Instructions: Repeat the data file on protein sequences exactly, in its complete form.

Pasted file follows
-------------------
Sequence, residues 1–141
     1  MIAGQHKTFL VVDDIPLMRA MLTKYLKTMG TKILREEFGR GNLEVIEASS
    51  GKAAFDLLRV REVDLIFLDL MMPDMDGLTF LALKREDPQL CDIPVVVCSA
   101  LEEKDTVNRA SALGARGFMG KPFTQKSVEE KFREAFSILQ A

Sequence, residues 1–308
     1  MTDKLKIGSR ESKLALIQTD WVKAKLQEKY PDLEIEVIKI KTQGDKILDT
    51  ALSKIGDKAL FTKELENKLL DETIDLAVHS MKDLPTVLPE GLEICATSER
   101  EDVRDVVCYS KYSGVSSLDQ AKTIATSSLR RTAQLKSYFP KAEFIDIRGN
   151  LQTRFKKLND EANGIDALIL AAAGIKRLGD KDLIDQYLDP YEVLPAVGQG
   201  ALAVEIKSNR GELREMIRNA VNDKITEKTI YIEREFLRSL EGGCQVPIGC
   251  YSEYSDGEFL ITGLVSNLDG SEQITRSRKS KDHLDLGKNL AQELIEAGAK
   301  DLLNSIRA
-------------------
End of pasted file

Sequence, residues 1–141
     1  MIAGQHKTFL VVDDIPLMRA MLTKYLKTMG TKILREEFGR GNLEVIEASS
    51  GKAAFDLLRV REVDLIFLDL MMPDMDGLTF LALKREDPQL CDIPVVVCSA
   101  LEEKDTVNRA SALGARGFMG KPFTQKSVEE KFREAFSILQ A

Sequence, residues 1–308
     1  MTDKLKIGSR ESKLALIQTD WVKAKLQEKY PDLEIEVIKI KTQGDKILDT
    51  ALSKIGDKAL FTKELENKLL DETIDLAVHS MKDLPTVLPE GLEICATSER
   101  EDVRDVVCYS KYSGVSSLDQ AKTIATSSLR RTAQLKSYFP KAEFIDIRGN
   151  LQTRFKKLND EANGIDALIL AAAGIKRLGD KDLIDQYLDP YEVLPAVGQG
   201  ALAVEIKSNR GELREMIRNA VNDKITEKTI YIEREFLRSL EGGCQVPIGC
   251  YSEYSDGEFL ITGLVSNLDG SEQITRSRKS KDHLDLGKNL AQELIEAGAK
   301  DLLNSIRA